Today seems like a spring day, blue skies, 68ºf, sunshine. With the several mornings of frost on the grass and the windshield when taking the grands to the bus stop and then below freezing temps and snow flurries all day Sunday, I knew the garden was done. Since the day is gorgeous and Jim is off enjoying it on the Harley, grands in school, daughter and SIL at work, it seemed like a good day to put the garden to bed for the winter.
Boy was I surprised when I got out there. The pepper bed which happened to be right behind a big round hay bale that I rolled in before finishing the fence last spring though slightly frost bitten was still hearty plants loaded with peppers.
An 8 quart bucket was filled and those peppers will be chopped and frozen for winter use. The plants were then pulled and tossed in the chicken run for them to pick at the leaves and remaining peppers that were too small to bother picking.
The Echinacea is still blooming, it was tucked down beside the rotting bale of hay.
The herb bed is still thriving too with several mints, rosemary, hyssop, and oregano.
And lots of swiss chard. We have a few mild days and a bit of rain expected, but before the next cold night, the mint and oregano will be cut to dry and a sprig of rosemary cut to root for the kitchen window garden of the winter. I think the herb bed is going to be covered with a row cover to try to save the rosemary for the spring.
The Tithonia was mostly bloomed out and the plants dry so it was pulled and tossed in the chicken pen for them to get the remaining seed from the seed heads. It will be planted again next year, but it with the sunflowers are going to be on an edge of the garden, not in the middle. The asparagus ferns were dry so they too were cut back to a couple inches and then all of the beds that had been cleaned out, the tomatoes, peppers, asparagus, sweet potatoes, garlic, and onion beds were all heavily layered in old hay with the garden stakes laid on top to help hold it down from the winter wind and the chickens that get in the garden.
The big roll of hay, with much effort was moved from in front of the gate where it had protected the peppers. Much of it used on the beds. The remainer will mulch the large area where the corn was grown, and around the raspberries. They still need to be cut back and thinned, but their leaves are gone so it shouldn’t be too difficult a job. The containment rings are going to be set around clumps of them and cardboard heavily mulched will be placed around the rings and over to the edges of the garden boxes.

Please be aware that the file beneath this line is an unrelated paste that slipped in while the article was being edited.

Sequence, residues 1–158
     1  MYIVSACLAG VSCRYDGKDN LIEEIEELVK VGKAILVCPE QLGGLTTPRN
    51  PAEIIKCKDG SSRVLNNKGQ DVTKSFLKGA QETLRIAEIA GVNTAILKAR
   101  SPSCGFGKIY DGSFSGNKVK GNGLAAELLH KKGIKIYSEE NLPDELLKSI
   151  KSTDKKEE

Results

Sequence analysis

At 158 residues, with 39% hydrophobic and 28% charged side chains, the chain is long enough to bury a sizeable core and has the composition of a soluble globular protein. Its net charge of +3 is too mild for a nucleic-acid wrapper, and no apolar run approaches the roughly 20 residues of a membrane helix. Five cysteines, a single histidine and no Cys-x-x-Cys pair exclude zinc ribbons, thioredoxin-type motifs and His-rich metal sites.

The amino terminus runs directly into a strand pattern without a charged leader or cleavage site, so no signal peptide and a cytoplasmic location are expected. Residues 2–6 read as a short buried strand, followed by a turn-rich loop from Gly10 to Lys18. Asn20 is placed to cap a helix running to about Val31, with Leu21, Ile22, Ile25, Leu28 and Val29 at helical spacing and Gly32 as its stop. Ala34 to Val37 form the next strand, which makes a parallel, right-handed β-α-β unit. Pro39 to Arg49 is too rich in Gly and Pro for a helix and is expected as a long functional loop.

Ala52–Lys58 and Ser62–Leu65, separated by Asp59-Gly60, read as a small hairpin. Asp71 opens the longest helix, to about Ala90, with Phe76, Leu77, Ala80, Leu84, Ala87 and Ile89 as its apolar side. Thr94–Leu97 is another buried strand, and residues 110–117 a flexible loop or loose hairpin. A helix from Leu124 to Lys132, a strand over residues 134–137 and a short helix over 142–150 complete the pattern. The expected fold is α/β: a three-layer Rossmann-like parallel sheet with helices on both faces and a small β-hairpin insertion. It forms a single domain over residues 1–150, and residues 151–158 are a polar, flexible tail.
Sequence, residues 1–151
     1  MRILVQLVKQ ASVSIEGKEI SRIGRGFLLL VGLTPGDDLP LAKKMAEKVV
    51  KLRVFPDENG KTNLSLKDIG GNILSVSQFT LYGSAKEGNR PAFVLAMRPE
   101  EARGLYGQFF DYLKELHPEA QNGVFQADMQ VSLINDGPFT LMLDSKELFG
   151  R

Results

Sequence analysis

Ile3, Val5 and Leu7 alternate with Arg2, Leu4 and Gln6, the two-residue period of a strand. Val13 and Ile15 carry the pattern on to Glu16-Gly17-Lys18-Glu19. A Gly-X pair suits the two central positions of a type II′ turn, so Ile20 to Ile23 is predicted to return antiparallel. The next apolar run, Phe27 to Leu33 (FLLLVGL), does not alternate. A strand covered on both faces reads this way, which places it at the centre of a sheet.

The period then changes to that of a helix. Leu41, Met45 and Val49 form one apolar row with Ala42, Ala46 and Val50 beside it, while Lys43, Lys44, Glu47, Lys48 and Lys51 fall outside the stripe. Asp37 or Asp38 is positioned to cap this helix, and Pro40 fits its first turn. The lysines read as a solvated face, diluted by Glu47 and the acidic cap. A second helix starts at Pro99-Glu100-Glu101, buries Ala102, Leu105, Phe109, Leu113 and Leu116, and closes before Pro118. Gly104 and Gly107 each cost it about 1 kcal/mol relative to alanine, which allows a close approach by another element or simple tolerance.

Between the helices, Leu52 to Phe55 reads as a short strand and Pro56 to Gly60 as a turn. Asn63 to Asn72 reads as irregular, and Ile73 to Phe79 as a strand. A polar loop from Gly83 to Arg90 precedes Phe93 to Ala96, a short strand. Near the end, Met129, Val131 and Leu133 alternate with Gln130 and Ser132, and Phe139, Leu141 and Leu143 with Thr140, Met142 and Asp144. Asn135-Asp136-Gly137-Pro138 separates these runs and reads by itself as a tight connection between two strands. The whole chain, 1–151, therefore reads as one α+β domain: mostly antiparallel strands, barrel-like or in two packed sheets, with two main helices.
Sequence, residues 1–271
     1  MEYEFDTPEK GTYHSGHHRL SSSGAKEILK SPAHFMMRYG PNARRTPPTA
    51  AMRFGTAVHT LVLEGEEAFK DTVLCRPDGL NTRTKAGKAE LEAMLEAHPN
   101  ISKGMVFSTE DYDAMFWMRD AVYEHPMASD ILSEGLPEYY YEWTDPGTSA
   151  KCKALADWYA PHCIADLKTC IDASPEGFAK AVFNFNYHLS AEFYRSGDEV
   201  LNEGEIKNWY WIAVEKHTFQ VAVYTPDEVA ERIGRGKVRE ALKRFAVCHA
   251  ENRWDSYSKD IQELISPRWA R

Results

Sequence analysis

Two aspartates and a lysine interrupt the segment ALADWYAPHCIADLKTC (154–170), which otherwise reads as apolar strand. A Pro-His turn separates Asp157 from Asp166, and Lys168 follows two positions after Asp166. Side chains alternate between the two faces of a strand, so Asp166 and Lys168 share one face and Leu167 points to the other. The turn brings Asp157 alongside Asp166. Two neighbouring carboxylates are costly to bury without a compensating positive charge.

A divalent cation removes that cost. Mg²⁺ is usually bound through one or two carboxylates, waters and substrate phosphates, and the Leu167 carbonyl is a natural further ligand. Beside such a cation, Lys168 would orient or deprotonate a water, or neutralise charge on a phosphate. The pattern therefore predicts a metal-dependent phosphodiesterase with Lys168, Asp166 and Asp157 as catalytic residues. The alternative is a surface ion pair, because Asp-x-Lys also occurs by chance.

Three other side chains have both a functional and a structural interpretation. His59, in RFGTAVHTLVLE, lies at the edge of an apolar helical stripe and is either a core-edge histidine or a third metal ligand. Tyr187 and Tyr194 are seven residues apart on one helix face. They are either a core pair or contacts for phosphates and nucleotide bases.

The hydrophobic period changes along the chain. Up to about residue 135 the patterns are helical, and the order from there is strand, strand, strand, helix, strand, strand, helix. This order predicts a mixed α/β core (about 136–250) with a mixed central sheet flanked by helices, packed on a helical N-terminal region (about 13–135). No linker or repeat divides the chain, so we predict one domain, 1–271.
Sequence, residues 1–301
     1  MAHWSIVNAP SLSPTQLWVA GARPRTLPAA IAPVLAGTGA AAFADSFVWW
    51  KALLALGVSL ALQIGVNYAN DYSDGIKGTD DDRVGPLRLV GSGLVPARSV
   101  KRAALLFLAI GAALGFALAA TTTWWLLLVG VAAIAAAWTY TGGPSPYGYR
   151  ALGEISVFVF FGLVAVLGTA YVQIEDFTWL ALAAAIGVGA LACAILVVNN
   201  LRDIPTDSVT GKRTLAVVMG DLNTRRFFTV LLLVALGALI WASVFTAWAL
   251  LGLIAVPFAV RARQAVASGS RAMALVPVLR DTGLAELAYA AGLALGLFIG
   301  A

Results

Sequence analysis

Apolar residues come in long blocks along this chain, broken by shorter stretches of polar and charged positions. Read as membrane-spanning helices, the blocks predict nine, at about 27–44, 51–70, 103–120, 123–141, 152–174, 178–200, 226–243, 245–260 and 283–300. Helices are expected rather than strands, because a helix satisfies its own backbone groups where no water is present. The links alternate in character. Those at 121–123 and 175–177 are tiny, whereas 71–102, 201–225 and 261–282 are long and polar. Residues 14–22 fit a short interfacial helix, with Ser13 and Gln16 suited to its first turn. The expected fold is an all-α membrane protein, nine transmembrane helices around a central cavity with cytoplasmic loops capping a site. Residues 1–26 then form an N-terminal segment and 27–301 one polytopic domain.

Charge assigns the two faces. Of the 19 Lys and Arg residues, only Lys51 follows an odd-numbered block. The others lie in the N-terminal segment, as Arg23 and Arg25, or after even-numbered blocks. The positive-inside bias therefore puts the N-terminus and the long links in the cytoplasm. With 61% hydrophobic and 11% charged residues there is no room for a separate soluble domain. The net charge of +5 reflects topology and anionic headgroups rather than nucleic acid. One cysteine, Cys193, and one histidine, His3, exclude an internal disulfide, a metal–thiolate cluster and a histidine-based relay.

Though I love my home grown garlic, I think I am going to skip a year and see if I can break the cycle of the nematodes that damage about a third of the harvest each year.
The second fence around the garden that would make a 3-4 foot wide chicken run all the way around the garden never was completed last spring. I have the posts, but need to replace a section of fencing on the north side of the garden, move a comfrey plant, and set the new fencing. This will also necessitate two new gates and one of them will need a substantial gate post set.
The rest of the putting to bed activity will have to wait for tomorrow or this weekend. Two or three hours of pulling plants and weeds is enough for one day. The pigweed, smartweed, horsenettle, and some tall mint family weed in spite of the earlier weedings required a fair amount of today’s energy.
These girls weren’t much help.
The header was yesterday’s morning sky while waiting at the bus stop. With daylight savings time starting this weekend, it will be light at the bus stop next week, but dark so much earlier in the evenings. I don’t think daylight savings time is a good thing.
Off to pick up the grands from the bus. Until next time.